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Hem > Foton & videor > Photos > 37. Photo Essay - A Morning at the Beit Furik and Huwwara Checkpoints

37. Photo Essay - A Morning at the Beit Furik and Huwwara Checkpoints


Machsom Watch is an Israeli organization composed of women, both young and old. It was formed in January 2001 in response to repeated reports about human rights abuses of Palestinians crossing checkpoints. Machsom is the Hebrew word for checkpoint. The goals of Machsom Watch are to monitor the behavior of soldiers and police at checkpoints; ensure that civil and human rights of Palestinians are protected; and record and report the results of their observations. I recently accompanied the women of Machsom Watch to two checkpoints in the Nablus area: Beit Furik and Hawwara.


There is a sign posted by the exit of the Beit Furik checkpoint, which looks innocent enough and possibly even multicultural with the three languages. The English reads "Exit Only" and the Arabic the same. The Hebrew, however, has been altered to the offensive "Exit Dog."


At the Hawwara checkpoint, the main entry point into Nablus, I saw children facing soldiers who had their rifles pointed in their direction. I saw men detained in an inhumane manner. Most men in the age range of 16 to 35 are automatically detained at the checkpoint so that their names can be checked to see it they are on any wanted lists. This can take minutes but more often hours. While waiting, the men are corralled, for lack of a better term, into a concrete pen with no shelter from the sun. Whenever they tried to stand or stretch their legs or to find out what was happening, they were ordered to sit down again.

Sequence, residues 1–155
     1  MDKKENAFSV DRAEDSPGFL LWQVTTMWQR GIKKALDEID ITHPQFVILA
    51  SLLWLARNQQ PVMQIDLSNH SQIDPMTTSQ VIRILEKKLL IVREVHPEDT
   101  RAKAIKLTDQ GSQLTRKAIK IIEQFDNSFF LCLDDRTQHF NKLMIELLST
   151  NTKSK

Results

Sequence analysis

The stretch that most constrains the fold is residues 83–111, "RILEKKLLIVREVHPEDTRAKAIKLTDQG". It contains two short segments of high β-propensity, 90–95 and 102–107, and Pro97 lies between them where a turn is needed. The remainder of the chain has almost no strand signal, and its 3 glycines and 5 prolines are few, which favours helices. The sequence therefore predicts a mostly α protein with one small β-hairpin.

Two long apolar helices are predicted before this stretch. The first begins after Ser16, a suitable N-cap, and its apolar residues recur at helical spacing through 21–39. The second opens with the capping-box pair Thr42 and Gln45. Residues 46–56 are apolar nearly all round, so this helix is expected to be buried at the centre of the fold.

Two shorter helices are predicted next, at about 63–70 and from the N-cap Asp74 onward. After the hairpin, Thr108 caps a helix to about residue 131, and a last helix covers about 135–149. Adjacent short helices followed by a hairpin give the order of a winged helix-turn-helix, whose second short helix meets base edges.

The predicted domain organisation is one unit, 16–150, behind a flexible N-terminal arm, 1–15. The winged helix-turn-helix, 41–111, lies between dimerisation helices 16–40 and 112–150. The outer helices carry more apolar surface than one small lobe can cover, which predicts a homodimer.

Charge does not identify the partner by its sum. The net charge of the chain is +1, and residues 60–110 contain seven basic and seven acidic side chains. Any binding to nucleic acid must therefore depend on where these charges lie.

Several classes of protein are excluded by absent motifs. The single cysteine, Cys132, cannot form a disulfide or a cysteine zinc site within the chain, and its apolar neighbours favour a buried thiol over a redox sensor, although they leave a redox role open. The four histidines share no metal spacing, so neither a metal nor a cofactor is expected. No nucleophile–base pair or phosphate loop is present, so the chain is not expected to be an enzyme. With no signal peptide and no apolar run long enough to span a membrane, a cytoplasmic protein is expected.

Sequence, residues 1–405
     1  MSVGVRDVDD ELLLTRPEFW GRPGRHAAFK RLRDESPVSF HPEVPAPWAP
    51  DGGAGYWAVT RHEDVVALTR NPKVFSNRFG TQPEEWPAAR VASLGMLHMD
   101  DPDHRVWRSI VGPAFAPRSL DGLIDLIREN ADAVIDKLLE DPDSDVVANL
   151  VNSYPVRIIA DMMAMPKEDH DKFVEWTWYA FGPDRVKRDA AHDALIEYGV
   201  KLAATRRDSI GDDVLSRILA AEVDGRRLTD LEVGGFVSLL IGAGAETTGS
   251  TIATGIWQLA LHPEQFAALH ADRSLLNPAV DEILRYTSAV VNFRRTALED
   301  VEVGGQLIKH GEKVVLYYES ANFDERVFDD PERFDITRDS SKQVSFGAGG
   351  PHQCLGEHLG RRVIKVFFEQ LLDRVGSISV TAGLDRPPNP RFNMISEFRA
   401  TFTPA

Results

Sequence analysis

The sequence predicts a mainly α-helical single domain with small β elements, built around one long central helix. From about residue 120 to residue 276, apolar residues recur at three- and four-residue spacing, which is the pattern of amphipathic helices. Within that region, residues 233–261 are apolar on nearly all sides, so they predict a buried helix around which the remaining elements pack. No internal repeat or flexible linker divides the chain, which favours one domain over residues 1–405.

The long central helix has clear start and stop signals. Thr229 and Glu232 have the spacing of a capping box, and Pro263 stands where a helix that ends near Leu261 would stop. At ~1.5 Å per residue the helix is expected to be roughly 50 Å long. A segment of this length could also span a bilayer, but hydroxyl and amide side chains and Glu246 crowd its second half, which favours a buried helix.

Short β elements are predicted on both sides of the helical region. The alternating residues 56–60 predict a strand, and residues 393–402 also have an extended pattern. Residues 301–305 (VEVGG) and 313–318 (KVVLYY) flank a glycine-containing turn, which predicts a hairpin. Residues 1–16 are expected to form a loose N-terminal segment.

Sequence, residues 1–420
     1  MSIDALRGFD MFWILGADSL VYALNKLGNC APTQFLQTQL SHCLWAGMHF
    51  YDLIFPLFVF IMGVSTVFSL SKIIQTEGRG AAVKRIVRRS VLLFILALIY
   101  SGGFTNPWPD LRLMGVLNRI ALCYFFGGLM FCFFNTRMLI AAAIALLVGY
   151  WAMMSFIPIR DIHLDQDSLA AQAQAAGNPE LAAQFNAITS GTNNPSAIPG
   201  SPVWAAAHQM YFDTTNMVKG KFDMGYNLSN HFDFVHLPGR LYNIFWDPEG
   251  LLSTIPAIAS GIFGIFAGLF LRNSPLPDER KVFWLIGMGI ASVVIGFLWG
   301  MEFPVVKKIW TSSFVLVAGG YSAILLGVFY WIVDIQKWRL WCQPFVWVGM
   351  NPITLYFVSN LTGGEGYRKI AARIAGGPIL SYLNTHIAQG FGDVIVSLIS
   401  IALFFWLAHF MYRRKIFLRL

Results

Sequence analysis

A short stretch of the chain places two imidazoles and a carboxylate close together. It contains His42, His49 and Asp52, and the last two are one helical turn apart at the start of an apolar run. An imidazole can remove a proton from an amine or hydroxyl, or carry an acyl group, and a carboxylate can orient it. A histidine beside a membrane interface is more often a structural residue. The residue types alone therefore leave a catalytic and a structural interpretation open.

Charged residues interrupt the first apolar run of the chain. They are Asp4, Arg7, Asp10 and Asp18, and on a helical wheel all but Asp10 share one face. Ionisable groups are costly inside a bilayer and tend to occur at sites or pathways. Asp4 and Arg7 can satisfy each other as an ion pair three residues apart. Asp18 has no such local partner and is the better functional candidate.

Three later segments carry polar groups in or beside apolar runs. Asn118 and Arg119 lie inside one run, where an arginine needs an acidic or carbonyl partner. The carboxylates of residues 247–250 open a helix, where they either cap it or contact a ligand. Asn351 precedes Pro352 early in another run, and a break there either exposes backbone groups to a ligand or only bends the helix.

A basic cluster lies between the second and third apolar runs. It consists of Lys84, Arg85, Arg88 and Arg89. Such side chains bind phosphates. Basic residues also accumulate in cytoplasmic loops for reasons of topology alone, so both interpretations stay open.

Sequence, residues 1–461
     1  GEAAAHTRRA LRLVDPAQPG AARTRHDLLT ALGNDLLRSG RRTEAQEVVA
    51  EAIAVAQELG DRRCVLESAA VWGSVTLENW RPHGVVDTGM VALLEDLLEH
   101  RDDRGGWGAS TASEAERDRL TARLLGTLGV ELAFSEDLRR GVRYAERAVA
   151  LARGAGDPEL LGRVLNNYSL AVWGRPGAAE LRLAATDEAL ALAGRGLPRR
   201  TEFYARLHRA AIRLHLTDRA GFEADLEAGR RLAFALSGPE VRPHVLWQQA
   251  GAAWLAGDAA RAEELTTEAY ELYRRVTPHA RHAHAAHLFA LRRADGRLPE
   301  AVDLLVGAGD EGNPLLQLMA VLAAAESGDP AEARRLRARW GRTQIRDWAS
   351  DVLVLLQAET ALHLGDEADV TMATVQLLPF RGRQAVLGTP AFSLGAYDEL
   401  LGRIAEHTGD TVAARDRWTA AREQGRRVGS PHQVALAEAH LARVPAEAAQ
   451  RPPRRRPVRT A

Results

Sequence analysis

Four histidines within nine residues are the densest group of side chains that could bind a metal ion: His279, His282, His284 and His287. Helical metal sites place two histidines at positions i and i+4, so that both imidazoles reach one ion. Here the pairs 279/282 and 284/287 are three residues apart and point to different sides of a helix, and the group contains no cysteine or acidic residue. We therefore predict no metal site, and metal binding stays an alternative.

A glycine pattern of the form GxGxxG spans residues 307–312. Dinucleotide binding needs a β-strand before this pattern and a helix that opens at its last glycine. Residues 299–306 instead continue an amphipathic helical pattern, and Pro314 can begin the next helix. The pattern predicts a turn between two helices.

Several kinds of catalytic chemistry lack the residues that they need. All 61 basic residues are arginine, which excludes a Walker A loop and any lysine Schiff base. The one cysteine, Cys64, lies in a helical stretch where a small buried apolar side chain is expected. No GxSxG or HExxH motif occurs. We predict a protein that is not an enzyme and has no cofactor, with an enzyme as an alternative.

Matt Robson, United Kingdom


A Palestinian man has all his belongings searched as he attempts to cross the Hawwara checkpoint.


A closer look at the sign at the Beit Furik checkpoint, the Hebrew section having been altered to the offensive "Exit Dog."


An Israeli soldier admonishes detained men in a "holding area."


An Israeli soldier checking the I.D. of a Palestinian man at the Huwwara checkpoint.


Children face soldiers who have rifles pointed in their direction at the Huwwara checkpoint.


Detained men are forced into a "holding area" with no shelter from the sun as their names are checked to see it they are on any wanted lists.


Palestinians are made to wait at the Huwwara checkpoint on the southern approach to Nablus.


Palestinians standing in line at the Beit Furik checkpoint, southeast of Nablus. The sign reads "Exit Only" in English and the same in Arabic. However, the Hebrew has been altered to read "Exit Dog."